Cursed by Fire — Chapter Five

March 25, 2018     Danielle Annett     Cursed by Fire, Snippet

The light began to fade from his eyes as I crawled across the floor in an effort to reach my Papa. My fingertips were raw and bloody as I struggled to carry myself closer to him, digging into the rough wooden floors with each drag of my body.

“I’m coming,” I panted in between breaths. I choked on the smoke filling the room, my eyes watering. “Just hang on, Papa. I’m coming.” Another pull across the floor. Glass and debris dug into the soft underside of my arms, causing me to hiss in pain, but I pushed onward, my left leg dragging uselessly behind me.

I woke gasping for breath, drenched in a cold sweat, clutching the hilt of my dagger as if my life depended on it.

“It was just a nightmare,” I told myself, though that did little to ease the ache in my chest over the remembered pain. I miss you so much. I clenched my legs muscles, confirming that they still worked, and rubbed my hands over my face. I pushed back the wet, loose tendrils of hair that had escaped my braid during my fitful rest and had just returned my dagger to its resting place under my pillow when my senses registered the smell of smoke.


I scanned the room, frantically looking for the source. “You have got to be kidding me!”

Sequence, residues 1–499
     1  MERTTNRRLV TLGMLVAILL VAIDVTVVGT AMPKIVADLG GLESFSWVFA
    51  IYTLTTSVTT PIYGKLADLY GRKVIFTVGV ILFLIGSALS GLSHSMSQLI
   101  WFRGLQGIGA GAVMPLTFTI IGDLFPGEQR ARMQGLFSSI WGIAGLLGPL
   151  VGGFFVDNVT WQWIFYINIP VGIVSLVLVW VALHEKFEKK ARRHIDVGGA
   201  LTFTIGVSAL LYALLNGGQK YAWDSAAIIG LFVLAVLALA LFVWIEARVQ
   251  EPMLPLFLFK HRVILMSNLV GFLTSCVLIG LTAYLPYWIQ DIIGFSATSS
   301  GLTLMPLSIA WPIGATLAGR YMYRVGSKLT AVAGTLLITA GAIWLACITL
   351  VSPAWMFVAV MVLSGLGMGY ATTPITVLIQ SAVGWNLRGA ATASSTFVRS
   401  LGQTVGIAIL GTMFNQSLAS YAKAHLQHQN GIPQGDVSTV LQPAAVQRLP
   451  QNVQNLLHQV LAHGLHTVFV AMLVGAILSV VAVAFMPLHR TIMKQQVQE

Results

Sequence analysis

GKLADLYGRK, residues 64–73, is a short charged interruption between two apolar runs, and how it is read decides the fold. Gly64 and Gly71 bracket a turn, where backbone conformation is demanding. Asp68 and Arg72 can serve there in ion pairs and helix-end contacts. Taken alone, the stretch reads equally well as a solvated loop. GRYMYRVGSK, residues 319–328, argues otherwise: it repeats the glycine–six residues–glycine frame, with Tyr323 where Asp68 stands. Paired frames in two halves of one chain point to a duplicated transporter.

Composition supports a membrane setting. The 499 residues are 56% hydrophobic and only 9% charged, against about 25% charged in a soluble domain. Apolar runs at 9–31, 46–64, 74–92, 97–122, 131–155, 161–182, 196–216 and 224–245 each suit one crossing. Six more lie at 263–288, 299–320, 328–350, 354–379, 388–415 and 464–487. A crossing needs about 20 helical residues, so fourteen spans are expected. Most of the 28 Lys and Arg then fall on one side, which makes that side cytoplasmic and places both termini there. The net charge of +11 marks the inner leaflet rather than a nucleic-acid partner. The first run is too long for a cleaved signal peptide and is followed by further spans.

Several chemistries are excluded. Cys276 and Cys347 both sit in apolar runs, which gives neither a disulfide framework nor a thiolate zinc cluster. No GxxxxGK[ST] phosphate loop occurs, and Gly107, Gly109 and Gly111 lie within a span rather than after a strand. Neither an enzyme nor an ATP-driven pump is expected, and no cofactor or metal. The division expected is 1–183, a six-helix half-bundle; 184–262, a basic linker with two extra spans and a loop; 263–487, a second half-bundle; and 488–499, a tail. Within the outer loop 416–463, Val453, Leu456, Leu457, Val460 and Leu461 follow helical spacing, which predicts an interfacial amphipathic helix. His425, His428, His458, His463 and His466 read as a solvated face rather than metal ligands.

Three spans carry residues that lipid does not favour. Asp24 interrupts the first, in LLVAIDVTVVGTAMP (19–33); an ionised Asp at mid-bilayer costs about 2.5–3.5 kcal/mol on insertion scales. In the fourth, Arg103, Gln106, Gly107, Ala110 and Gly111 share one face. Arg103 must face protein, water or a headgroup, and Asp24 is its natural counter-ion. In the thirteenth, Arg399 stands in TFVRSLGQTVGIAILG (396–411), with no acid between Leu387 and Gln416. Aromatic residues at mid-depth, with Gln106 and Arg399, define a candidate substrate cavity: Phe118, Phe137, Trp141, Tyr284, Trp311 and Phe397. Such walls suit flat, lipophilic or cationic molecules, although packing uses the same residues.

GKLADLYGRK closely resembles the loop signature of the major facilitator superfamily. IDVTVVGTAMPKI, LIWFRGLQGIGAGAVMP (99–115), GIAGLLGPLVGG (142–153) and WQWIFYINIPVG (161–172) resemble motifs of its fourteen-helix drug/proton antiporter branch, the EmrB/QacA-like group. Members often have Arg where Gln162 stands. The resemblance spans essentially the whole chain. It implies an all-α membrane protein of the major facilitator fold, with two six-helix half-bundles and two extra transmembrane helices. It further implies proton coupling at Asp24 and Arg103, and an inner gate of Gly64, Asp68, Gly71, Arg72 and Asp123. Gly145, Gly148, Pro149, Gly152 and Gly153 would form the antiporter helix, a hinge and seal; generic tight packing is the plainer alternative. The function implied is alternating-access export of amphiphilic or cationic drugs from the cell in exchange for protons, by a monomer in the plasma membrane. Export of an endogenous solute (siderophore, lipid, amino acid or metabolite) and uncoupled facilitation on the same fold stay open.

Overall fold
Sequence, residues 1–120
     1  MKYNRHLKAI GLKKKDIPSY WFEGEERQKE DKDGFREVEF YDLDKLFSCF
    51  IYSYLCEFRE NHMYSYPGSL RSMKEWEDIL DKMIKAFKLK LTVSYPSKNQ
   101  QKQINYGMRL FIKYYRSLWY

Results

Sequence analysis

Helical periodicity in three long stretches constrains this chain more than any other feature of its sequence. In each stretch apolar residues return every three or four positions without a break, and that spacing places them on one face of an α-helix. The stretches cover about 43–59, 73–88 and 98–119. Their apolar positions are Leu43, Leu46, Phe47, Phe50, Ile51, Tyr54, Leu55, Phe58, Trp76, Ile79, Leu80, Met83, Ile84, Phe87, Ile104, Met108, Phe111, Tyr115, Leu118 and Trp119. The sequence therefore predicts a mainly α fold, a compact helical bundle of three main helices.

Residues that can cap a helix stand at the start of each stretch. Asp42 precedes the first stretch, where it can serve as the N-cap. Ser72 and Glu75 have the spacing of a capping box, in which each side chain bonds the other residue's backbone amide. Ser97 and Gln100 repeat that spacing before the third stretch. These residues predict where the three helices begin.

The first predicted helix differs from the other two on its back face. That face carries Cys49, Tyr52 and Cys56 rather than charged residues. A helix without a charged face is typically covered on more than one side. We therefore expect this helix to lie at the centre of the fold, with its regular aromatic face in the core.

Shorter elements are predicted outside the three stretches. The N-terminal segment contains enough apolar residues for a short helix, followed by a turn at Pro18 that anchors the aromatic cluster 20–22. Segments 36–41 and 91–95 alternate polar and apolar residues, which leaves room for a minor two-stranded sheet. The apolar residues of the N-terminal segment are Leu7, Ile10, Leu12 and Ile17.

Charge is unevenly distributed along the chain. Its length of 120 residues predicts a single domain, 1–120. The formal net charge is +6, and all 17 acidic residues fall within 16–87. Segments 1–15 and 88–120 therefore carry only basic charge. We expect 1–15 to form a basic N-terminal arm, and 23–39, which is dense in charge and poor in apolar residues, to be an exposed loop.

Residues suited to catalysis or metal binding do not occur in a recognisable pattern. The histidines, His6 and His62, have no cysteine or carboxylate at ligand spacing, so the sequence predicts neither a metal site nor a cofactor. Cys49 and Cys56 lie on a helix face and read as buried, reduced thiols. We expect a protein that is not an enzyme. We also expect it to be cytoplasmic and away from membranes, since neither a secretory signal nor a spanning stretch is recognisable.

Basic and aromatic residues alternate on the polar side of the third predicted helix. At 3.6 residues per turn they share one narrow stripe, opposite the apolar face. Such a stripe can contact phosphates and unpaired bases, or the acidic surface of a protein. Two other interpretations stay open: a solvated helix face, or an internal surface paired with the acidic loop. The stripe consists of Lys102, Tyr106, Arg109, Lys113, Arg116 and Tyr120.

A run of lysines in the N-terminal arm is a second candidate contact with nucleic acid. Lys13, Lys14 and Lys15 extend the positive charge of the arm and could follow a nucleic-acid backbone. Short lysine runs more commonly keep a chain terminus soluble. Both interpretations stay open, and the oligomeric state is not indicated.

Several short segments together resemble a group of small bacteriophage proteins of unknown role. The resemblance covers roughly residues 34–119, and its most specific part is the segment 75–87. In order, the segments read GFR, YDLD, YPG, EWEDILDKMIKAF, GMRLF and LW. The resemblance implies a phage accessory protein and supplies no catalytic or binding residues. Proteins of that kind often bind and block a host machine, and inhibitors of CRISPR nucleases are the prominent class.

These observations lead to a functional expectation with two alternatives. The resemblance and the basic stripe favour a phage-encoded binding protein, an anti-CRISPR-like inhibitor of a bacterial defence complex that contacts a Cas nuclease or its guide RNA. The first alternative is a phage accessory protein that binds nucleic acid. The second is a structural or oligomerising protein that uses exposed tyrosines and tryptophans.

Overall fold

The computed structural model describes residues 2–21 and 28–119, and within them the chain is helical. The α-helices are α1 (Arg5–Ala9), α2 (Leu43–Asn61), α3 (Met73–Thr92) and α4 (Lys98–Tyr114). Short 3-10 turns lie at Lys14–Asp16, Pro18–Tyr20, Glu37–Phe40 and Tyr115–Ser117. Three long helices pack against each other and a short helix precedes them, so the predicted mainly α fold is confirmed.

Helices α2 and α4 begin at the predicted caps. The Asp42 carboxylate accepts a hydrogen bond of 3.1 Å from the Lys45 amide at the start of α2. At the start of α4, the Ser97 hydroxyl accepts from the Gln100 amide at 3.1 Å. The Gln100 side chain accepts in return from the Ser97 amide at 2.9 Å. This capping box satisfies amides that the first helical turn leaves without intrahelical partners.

I untangled my body from the sheets, tripping and falling into a heap on the floor before I was able to crawl out of my covers and retrieve an old T-shirt. I frenziedly swatted at the bedroom curtains with the T-shirt, but the flames continued to rise. There was no other choice but to rip the curtains from the window.  Flames licked my fingers as I ran to the kitchen.

I threw the curtains into the sink, turned the faucet on full blast, and watched as the water quickly snuffed out the flames. The curtains were ruined.

Turning the water off, I slid down the smooth wooden cabinets until my butt met the cold tile floor.

I folded my arms across my knees and rested my forehead against them. Closing my eyes, I took several deep breaths. My heart raced from the effects of the recurring nightmare. This was getting out of hand. Up until a week ago, I hadn’t had a nightmare in close to a year. But Daniel’s death was bringing them back with a vengeance. I needed to get a handle on them before I burned my apartment down. Again.

I missed my parents, but it’d been over six years now. They weren’t coming back, and I needed to let it go. My subconscious needed to let it go, and I needed to let Daniel’s death go. Not the case, no, I wouldn’t let that go. But his death was affecting me in ways I couldn’t allow to continue.

I sat on the floor and breathed deeply to calm my nerves.  I was beginning to feel chilly from the fine sheen of sweat on my skin, but I was too tired to get up and do anything about it. Every muscle in my body ached.  The clock above the stove read 4:00 a.m.  I’d slept a solid twelve hours, but it didn’t seem to have done much good.

I grabbed hold of the formica counter and pulled myself up off the floor. Sliding my hands over to the edge of the sink, I braced my arms there and stared at the ruined mess of curtains. Grabbing the sopping mess of fabric, they made a wet plop when they hit the bottom of the trash bin I pulled out from underneath the counter.